Bizarre backstory to South Korean dog cloning

From ANIMAL PEOPLE, July/August 2008:
SEOUL, LONDON–Animal advocates scrambled on August 5, 2008
to more fully identify the background of a woman named Bernann
McKinney, who paid $50,000 to RNL Bio of Seoul, South Korea to
clone her deceased pit bull terrier.
At a press conference in Seoul, held to announce the
cloning, the woman cuddled five pit bull puppies and claimed that
the deceased pit bull had once saved her life when she was attacked
by a much larger dog–but no record of the incident could be found.
The cloning team was led by Lee Byeong-chun, a former
assistant to Hwang Woo-suk, whose 2004 claim to have cloned human
embryos and extracted stem cells from them was exposed a year later
as false. However, Hwang Woo-suk and Lee Byeong-chun had verifiably
cloned a dog, and reportedly cloned more than 20 dogs before
McKinney’s.
Among the questions under investigation were whether
dogfighters, the dog meat industry, or breeders of dogs for
laboratory use might actually have put up the money for the pit bull
cloning, billed as the first commercial dog cloning.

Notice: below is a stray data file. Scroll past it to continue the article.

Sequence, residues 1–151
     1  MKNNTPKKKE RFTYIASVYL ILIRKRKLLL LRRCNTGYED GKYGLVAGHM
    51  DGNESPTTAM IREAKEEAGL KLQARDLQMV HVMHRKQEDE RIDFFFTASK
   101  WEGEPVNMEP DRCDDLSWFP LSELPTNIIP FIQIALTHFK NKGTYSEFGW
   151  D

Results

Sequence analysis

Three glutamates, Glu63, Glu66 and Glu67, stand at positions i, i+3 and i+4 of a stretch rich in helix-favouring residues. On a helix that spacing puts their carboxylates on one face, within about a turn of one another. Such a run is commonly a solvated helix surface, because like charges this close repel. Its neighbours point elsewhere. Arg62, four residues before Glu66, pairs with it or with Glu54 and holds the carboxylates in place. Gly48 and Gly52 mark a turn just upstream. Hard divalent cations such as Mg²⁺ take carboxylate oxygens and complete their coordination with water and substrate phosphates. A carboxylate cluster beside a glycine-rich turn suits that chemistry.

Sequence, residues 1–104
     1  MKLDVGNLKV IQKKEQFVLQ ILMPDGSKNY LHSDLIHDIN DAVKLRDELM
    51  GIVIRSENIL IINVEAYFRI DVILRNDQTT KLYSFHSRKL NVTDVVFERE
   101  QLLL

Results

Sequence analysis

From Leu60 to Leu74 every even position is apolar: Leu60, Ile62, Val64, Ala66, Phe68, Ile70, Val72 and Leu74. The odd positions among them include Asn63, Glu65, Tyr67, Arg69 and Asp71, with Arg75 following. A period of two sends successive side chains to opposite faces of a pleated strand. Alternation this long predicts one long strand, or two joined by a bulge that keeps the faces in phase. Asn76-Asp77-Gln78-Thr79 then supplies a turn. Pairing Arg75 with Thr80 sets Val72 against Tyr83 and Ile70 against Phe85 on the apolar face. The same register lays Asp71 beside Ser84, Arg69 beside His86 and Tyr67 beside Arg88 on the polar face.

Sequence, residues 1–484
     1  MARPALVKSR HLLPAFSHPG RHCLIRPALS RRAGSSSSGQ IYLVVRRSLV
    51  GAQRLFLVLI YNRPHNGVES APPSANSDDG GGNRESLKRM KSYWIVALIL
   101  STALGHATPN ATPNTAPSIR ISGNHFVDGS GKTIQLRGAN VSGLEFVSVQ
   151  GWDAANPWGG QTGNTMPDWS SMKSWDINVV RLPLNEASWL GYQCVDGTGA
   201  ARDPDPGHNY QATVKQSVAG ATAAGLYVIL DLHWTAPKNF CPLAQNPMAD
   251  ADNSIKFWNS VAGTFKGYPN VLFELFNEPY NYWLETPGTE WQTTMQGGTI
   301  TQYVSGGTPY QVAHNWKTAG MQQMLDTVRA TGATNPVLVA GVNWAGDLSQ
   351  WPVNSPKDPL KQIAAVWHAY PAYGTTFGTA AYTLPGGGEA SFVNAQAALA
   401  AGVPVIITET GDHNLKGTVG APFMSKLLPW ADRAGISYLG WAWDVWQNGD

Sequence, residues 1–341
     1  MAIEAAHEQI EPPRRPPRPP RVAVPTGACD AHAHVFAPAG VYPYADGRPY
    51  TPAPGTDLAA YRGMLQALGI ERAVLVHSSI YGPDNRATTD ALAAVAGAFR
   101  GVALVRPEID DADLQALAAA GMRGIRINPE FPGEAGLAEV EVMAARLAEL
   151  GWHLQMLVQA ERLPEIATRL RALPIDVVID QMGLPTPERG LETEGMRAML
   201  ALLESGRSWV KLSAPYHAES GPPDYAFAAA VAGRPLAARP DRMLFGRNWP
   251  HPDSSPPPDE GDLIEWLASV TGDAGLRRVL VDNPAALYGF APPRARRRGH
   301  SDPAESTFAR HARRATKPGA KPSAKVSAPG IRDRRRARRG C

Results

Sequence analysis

But Joyce Bernann McKinney, 58, was instead recognized and
identified by British tabloid reporters, with further details of her
life soon exposed by other media.
Born in Avery County, North Carolina, McKinney was named
Miss World-Wyoming in 1972, and participated in the 1973 Miss
World-USA pageant. McKinney became infatuated with a Mormon
missionary whom she pursued to England in 1977. After a male
accomplice allegedly brought the missionary to her at the point of a
toy gun, she allegedly chained him to the bed with mink-lined
handcuffs and forced him to have sex with her for two days between
Bible readings meant to convince him to marry her. He eventually
escaped. McKinney and the accomplice in 1978 jumped bail and fled.
McKinney next posed first as a nun and then topless for
magazines in Atlanta. Arrested again, she jumped bail again, but
reappeared in the tabloids in 1984, for allegedly stalking the same
missionary in Salt Lake City.
In 1993, the Johnson City, Tennessee Press Chronicle
recalled, McKinney disguised herself with a wig and sought work at
the Washington County Animal Shelter to try to gain access to several
pit bulls who were to be euthanized for attacking a couple. She was
charged with attempting to break into the shelter, but the case was
dropped in 1997.
In 2004, in Carter County, Tennessee, McKinney was charged
with conspiracy to commit aggravated burglary, contributing to the
delinquency of a minor, and speeding, after trying to recruit a
15-year-old boy to rob a house in an attempt to raise the price of a
prosthetic limb for a three-legged horse. Again she failed to appear
in court.
“More recently, she surfaced on the criminal dockets in her
native Avery County, where a warrant is active alleging she
threatened another woman; and in Washington County, Tennessee,
alleging burglary,” wrote Daniel Gilbert of the Bristol Herald
Courier.

Print Friendly

Leave a Reply

Your email address will not be published. Required fields are marked *